Demonstrators in Chicago protest changes to the Affordable Care Act on June 22. Scott Olson/Getty Images

The Democratic Senatorial Campaign Committee, aware of the drag the Senate bill could have on vulnerable Republicans in 2020, is targeting women, swing and older voters in Arizona, Florida, Nevada and Texas with Google and YouTube ads. The approach targets "cord-cutters" in states where Republicans like Heller and Sen. Jeff Flake (R-Ariz.) are expected to face tough re-election bids in 2018, DSCC spokesperson David Berstein said.

"We are seeing an incredible amount of engagement online around the health care issue," Bergstein said. "Voters ... understand the Republican plan will directly impact them."

The DSCC is not alone in targeting Flake and Heller. The Hill reported Friday that two progressive organizations purchased a "six-figure ad buy" in Arizona and Nevada.

Those senators have also drawn the attention of AARP, which is concerned the bill's Medicaid cuts would decrease access to nursing home and in-home health care for older Americans. AARP is running radio ads in seven states and TV ads in eight states, spending millions of dollars on its own.

The impact of the bill on older Americans is also fueling Community Catalyst Action Fund's radio and Facebook ads. The six-figure ad buy in Alaska, Maine, Nevada and West Virginia highlights the Senate bill's $880 billion cut to Medicaid by 2026. That means the two-thirds of Americans in nursing homes who rely on Medicaid, for example, may be unable to have their care paid for.

"The core mission is to make this horrible bill so politically toxic that the GOP coalition behind it falls apart."

Historically, voters 65 years and older turnout at the highest levels between midterm and presidential elections. That means, given the focus on health care, convincing that older constituency will be a major theme in 2018.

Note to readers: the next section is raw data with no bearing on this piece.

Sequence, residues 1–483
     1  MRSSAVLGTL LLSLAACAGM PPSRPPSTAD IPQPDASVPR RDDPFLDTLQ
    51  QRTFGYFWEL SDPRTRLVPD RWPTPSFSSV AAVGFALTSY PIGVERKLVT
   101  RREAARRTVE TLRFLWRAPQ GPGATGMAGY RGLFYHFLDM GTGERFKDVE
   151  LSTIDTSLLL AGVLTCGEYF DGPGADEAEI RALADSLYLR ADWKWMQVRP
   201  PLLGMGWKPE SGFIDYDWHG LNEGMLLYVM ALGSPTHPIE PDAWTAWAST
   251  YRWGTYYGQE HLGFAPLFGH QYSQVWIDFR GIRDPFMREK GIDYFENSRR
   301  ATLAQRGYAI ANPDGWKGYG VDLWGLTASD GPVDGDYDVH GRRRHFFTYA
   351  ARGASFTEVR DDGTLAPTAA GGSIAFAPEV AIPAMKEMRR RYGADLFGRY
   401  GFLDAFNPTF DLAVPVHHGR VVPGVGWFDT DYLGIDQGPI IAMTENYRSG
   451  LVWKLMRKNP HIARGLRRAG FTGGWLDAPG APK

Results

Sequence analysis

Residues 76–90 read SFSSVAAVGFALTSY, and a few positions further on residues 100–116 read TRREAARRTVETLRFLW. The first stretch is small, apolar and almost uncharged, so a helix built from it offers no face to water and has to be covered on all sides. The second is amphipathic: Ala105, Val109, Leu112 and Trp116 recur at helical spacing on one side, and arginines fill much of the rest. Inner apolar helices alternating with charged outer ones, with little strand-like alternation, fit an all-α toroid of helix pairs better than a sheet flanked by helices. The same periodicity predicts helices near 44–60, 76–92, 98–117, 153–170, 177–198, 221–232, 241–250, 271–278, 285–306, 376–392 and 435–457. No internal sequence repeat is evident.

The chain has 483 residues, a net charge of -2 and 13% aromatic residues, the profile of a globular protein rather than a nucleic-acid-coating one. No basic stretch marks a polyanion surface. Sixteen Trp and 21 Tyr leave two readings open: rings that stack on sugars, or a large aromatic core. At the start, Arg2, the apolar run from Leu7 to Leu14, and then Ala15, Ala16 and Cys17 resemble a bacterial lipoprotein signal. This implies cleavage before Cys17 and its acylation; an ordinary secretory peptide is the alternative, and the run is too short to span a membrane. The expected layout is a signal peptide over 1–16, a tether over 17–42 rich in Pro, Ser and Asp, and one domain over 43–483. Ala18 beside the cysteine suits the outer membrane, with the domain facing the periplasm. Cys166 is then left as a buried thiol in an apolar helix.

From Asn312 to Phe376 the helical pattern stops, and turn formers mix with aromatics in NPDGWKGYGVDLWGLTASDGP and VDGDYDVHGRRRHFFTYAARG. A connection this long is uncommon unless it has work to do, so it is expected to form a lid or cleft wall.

Community Catalyst is spending another $1 million on television ads in those four states, said Michael Miller, the group's director of strategic policy. "Arguably, you made it worse [for older Americans]," Miller said of the Senate bill compared to the House's version.

On the grassroots side, Indivisible, a national network that resists President Donald Trump's agenda, is applying an all-hands approach to fighting the bill, the group's policy director Angel Padilla said. Indivisible members are receiving daily call scripts to pressure Republican senators and governors in key states. Members are staging sit-ins in Senate offices. The network launched OurAmendments.org to give Democrats a way to stall debate of the health care bill next week. Indivisible has an entire guide devoted to fighting the bill's passage.

The group has also been applying pressure to Democrats, saying they need to do more than publicly oppose the bill. "This is the moment when you have to do everything you can to stop this," Padilla said. "We've been hearing Republicans talk about repeal for seven years. It comes down to these next seven days.

"We win or lose over the next week. This is the moment."